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The past week has brought about a ten-years-after review of the Iraq war—particularly an examination of how the Bush-Cheney administration sold the war prior to the invasion launched on March 19, 2003. Pundits and politicians have relived those days—and somberly reconsidered the run-up to the war, the role of the media in enabling the swindle, and the consequences of that military action. MSNBC has aired a documentary based on the book I co-wrote with Michael Isikoff, Hubris: The Inside Story of Spin, Scandal, and the Selling of the Iraq War. Showtime featured a documentary on Dick Cheney that centered on the war. The Watson Institute for International Studies at Brown University released a study noting that the war cost US taxpayers $2.2 trillion and consumed the lives of 4,488 members of the US armed services and at least 123,000 to 134,000 Iraqi civilians.
One of the most shocking reactions to the anniversary came—perhaps no surprise—from one of the leading neoconservative drum majors for the war, Richard Perle. As a member of the Defense Policy Board advisory committee, Perle, who had been a hawk’s-hawk assistant secretary of defense during the Reagan years, began calling for war in Iraq nanoseconds after September 11. He told CNN, “Even if we cannot prove to the standard that we enjoy in our own civil society they are involved, we do know, for example, that Saddam Hussein has ties to Osama bin Laden. That can be documented.” In 2002, he suggested a war against Iraq would be a cakewalk: “It isn’t going to be over in 24 hours, but it isn’t going to be months either.” He asserted Saddam was “working feverishly to acquire nuclear weapons.” He claimed the post-invasion reconstruction in Iraq would be self-financing. He got everything wrong.
On Wednesday morning, NPR’s Renee Montagne interviewed Perle. It wasn’t a grilling. Perle was allowed to explain his Iraq war fever, noting that “we had intelligence assessments” indicating Iraq possessed weapons of mass destruction. He pleaded his case by remarking that after 9/11, “You ask yourself what could happen next, you do the obvious thing….The Bush administration made a list of potential threats and on that list the single most important potential threat was another attack with a weapon of mass destruction. So then you make a list of who has weapons of mass destruction and who might be motivated either to attack or enable someone else to attack the US. And Iraq was clearly on that list.” Perle then off-handedly observed, “It’s easy a decade later to say, well, it turned out this fact or that presumption was wrong.” He insisted that the biggest “blunder” with Iraq was the post-invasion occupation.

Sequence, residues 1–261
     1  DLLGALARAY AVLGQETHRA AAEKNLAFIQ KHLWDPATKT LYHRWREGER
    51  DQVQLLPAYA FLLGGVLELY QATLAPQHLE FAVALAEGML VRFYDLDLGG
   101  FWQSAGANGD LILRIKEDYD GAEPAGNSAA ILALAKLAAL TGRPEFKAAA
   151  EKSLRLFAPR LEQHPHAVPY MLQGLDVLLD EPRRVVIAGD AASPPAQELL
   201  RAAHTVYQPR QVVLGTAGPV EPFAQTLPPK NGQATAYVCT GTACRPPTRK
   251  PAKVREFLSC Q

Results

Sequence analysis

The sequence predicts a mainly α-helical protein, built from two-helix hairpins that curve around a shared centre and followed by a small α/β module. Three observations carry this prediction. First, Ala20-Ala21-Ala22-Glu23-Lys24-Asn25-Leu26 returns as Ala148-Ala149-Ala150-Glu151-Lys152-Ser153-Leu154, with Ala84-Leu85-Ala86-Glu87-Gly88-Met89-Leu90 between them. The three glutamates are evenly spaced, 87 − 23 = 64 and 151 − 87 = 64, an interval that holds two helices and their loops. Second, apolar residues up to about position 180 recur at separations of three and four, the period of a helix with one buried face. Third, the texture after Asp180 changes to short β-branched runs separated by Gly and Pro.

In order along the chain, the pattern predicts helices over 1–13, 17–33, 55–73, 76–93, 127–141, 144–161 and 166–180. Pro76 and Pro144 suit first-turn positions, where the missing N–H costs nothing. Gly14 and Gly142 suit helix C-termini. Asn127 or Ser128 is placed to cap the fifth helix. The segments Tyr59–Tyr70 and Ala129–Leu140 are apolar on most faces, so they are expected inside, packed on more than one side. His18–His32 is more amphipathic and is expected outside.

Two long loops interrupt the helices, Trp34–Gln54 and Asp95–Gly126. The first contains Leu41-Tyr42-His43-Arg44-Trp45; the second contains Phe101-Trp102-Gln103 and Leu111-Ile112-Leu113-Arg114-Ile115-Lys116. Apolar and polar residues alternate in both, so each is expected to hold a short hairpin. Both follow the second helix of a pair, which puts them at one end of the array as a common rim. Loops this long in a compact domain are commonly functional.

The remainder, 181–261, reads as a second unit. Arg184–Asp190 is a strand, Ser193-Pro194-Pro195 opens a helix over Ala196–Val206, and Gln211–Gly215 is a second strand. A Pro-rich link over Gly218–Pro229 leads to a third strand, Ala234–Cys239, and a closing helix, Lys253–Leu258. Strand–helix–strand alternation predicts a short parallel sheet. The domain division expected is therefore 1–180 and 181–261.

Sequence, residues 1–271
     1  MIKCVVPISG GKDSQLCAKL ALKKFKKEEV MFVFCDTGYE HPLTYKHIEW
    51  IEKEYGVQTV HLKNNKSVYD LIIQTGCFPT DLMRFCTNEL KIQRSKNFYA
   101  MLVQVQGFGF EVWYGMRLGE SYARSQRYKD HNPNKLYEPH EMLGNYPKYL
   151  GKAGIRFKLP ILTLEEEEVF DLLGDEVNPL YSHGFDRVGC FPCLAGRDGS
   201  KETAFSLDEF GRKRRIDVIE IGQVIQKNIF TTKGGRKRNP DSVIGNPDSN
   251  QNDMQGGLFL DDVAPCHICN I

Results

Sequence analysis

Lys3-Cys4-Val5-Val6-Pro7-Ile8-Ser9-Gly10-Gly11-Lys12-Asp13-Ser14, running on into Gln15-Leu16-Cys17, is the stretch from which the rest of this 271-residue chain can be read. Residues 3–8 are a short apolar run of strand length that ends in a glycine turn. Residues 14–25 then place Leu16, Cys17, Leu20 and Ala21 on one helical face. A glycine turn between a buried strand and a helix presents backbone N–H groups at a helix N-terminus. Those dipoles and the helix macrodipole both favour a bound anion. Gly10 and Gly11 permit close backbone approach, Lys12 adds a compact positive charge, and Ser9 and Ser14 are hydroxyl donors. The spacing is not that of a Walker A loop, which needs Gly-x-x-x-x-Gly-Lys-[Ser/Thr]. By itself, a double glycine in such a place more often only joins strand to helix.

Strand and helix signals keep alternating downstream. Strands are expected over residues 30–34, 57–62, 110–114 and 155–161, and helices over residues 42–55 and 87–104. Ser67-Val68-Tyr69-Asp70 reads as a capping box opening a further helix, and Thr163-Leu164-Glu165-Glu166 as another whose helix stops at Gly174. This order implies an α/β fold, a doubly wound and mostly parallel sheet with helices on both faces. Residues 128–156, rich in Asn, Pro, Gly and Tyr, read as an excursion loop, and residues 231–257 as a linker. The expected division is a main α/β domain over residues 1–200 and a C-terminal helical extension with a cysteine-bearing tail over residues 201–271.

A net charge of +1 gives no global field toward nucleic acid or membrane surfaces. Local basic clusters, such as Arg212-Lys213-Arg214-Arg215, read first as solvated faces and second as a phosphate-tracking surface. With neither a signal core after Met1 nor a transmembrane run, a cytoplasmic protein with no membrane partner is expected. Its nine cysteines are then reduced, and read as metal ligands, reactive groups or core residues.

This is all standard fare for a neocon who won’t let go. But the final exchange of the interview was a chilling driveway moment:
Montagne: Ten years later, nearly 5000 American troops dead, thousands more with wounds, hundreds of thousands of Iraqis dead or wounded. When you think about this, was it worth it?
Perle: I’ve got to say I think that is not a reasonable question. What we did at the time was done with the belief that it was necessary to protect this nation. You can’t a decade later go back and say we shouldn’t have done that.
That was cold. In the Showtime documentary, Cheney predictably expresses no regrets, saying, “I did what I did. It’s all on the public record, and I feel very good about it. If I had it to do over again, I’d do it in a minute.” Yet here is Perle going beyond no-regrets to deny it is even worthwhile to consider the human costs of the war when assessing the decision to invade Iraq. His comment is modern-day Strangelove and yet another reason he deserves the nickname he earned in the 1980s: the Prince of Darkness. What transpires within Perle’s soul, ultimately, is not all that important. The true tragedy is that anyone would seek—let alone heed—the advice of a man so averse to considering a basic (and moral) calculation.
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